Guyana History

Guyana History

Guyana, officially english Cooperative Republic of Guyana [kə ʊ ɔ pərət ɪ v r ɪ p ʌ bl ɪ k əv ga ɪ ænə], German Cooperative Republic of Guyana, coastal state in northern South America with (2018) 779 000 residents; The capital is Georgetown.

According to militarynous, Guyana was undisputed British possession from 1816 (Guiana, history). 1831 three British colonies to British Guiana combined (British Guiana). In 1953 a new constitution came into force that introduced universal suffrage and a bicameral system. From the first elections in 1953 Cheddi Jagan (PPP) emerged as Prime Minister (1953, 1957-64). The rapprochement of the Jagan government with Cuba delayed independence. With British and American help, the PNC split from the PPP under Forbes Burnham (* 1923, † 1985) which led to the ethnic polarization of the party system and to acts of violence between Indo- and Afro-Guyanese. The PNC came to government after the introduction of proportional representation in 1964, initially in a coalition government.

In 1966 the colony became independent as a parliamentary monarchy under the name of Guyana. The PNC, ruling alone since 1968, held on to power with increasing election manipulation and violations of human and civil rights, represented the ideology of “cooperative socialism”, made Guyana a “Cooperative Republic” in the Commonwealth in 1970 and dissolved it constitutional ties to the British Crown and the Privy Council. In 1973 Guyana took part in the creation of the Caribbean Community. With the 1980 constitutional amendment, Prime Minister Burnham became President (1980-85). In the office of the president, the functions of head of state and head of government were merged. After Burnham’s death in 1985 Desmond Hoyte (* 1929, † 2002) his successor in state and party. Under international pressure he initiated a policy of liberalization and in 1992 had to allow free and fair elections under international observation. The PPP / C emerged as the winner with 54.6% of the votes; their leader Jagan became the new president. After Jagan’s death in March 1997, Prime Minister Samuel Hinds (* 1943) took over the office. From new elections in December 1997, Janet Jagan (* 1920, † 2009), widow of the late president, emerged victorious. She resigned in August 1999, the previous Finance Minister Bharrat Jagdeo (* 1964) became the new President.confirmed in office by the victory of the PPP / C in the 2001 elections. Despite efforts to mediate by CARICOM and the Commonwealth, the relationship between the two major parties remained characterized by distrust and violent clashes.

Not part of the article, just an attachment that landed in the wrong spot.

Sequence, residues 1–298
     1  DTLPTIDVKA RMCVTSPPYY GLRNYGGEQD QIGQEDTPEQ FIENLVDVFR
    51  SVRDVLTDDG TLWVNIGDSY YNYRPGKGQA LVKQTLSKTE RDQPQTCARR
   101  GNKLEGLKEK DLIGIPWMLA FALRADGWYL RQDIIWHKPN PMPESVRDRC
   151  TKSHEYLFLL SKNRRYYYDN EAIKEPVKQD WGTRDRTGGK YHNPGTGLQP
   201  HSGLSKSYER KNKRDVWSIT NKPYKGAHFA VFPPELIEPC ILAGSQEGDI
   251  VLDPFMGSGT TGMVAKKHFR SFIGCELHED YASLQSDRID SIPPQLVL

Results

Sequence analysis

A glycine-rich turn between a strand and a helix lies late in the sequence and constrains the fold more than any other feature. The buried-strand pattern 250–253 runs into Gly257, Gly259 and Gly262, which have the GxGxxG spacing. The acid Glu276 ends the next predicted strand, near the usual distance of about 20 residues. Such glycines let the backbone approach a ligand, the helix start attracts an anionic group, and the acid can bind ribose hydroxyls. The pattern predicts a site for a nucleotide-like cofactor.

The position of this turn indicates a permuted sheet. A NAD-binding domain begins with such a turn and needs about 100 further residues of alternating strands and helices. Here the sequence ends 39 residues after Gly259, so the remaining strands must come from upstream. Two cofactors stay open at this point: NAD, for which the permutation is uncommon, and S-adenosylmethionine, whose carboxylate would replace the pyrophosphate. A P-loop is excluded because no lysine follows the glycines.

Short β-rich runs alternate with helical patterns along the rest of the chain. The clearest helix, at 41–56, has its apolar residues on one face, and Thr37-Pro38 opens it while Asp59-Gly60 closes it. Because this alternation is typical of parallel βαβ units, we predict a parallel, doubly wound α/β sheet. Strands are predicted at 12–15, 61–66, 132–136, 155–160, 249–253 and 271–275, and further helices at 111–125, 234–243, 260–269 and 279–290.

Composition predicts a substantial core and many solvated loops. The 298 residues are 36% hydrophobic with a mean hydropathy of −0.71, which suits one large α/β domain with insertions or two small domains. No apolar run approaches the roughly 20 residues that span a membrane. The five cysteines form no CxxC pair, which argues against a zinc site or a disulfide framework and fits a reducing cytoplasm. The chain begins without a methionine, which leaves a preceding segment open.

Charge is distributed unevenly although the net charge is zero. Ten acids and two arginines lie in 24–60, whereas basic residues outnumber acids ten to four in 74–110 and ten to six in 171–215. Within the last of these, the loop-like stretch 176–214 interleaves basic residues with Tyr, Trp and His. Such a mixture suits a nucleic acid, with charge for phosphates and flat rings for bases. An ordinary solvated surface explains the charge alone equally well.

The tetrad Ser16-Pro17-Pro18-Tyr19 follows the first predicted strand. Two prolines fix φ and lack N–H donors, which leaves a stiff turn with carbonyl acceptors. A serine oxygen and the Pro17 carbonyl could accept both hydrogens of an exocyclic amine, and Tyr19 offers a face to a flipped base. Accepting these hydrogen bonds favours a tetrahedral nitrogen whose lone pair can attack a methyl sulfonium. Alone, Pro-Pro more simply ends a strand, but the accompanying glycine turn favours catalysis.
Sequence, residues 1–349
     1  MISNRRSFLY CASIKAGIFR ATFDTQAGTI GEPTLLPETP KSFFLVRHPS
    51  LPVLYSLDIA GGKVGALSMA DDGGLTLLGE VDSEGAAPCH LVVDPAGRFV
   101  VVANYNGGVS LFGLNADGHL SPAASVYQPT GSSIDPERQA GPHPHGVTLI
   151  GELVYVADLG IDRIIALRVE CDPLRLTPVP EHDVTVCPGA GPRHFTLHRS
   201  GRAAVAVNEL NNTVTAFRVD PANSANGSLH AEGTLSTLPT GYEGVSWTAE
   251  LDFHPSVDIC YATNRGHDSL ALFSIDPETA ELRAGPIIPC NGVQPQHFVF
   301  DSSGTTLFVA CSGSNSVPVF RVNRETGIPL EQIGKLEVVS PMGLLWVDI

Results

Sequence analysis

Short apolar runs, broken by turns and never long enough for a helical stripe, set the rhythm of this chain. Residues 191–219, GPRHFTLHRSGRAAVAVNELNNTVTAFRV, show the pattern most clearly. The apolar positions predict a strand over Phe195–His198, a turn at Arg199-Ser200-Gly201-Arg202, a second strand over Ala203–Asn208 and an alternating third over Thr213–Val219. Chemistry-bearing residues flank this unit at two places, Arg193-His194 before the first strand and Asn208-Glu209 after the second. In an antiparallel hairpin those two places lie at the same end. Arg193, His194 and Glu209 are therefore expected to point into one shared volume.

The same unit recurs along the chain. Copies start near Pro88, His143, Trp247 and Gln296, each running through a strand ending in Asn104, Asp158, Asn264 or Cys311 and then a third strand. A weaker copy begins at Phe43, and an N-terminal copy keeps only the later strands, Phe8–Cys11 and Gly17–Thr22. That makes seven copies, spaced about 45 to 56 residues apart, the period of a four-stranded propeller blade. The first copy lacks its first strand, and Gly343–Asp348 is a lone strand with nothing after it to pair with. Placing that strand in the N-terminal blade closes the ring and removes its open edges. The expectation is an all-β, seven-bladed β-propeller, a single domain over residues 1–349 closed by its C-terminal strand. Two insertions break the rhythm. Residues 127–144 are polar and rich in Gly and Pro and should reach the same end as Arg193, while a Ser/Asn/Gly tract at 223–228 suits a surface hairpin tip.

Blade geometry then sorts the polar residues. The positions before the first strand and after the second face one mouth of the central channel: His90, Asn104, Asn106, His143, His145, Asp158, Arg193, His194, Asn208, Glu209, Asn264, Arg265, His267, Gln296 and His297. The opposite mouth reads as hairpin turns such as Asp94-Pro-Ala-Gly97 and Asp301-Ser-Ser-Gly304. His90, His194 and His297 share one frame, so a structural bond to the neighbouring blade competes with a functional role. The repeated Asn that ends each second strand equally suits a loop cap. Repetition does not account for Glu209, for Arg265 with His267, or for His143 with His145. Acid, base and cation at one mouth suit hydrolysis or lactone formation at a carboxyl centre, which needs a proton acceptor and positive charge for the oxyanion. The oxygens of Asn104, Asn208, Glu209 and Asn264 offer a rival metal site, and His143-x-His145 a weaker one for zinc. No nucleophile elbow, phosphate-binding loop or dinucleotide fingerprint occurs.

The parliamentary elections of August 11, 2006 were won again by the PPP / C with 36 out of 65 seats. With that, Bharrat Jagdeo remained president. In 2011, the PPP / C won the parliamentary elections for the fifth time in a row by winning 32 seats, but failed to achieve an absolute majority. On December 3, 2011, the top candidate for PPP / C, Donald Ramotar (* 1950), was sworn in to succeed Jagdeo as president. This was the first time that the country was ruled by a minority government. Prime Minister remained S. Hinds who had held this office with two brief interruptions since 1992. Since the government did not have the necessary parliamentary majority, the opposition repeatedly succeeded in blocking important political projects and budget planning. In November 2014, President Ramotar, who wanted to prevent a vote of no confidence by the opposition, suspended parliament. In February 2015 the parliament was dissolved and new elections were scheduled for May 11, 2015. These elections led to the end of the rule of the PPP / C after 23 years. The opposition alliance A Partnership for National Unity (APNU), formed around the PNCR, was able to win 33 of the 65 seats in parliament in conjunction with the Alliance for Change (AFC). On May 16, 2015, PNCR leader became D. Granger sworn in as the new president. The office of Prime Minister went to Moses Veerasammy Nagamootoo (* 1947) from the AFC. On March 2nd, 2020, court-ordered, early parliamentary elections took place, in which the APNU was initially declared the winner. International election observers, however, criticized irregularities in the counting of votes. The government and opposition agreed on a new count, at the end of which, after a long delay, the PPP / C received 51% and a parliamentary majority of 33 seats. In August 2020 Mohamed Irfaan Ali (* 1980, PPP / C) was appointed as the new President. He is the first practicing Muslim to serve as president in South America.

In 2015, large amounts of crude oil were discovered in waters partially claimed by Venezuela. They could lead to far-reaching economic and social changes in the country.

The arbitration award of 1899, which determined the border with Venezuela, has not been recognized by Venezuela since 1962, which has since claimed large parts of the territory of Guyana. An agreement was reached in 2007 on the disputed maritime border between Guyana and Suriname. Relations with Venezuela have also improved; For example, in 2010 Guyana received observer status in the economic alliance ALBA initiated by Venezuela. In 2008 Guyana became a founding member of UNASUR.

Guyana History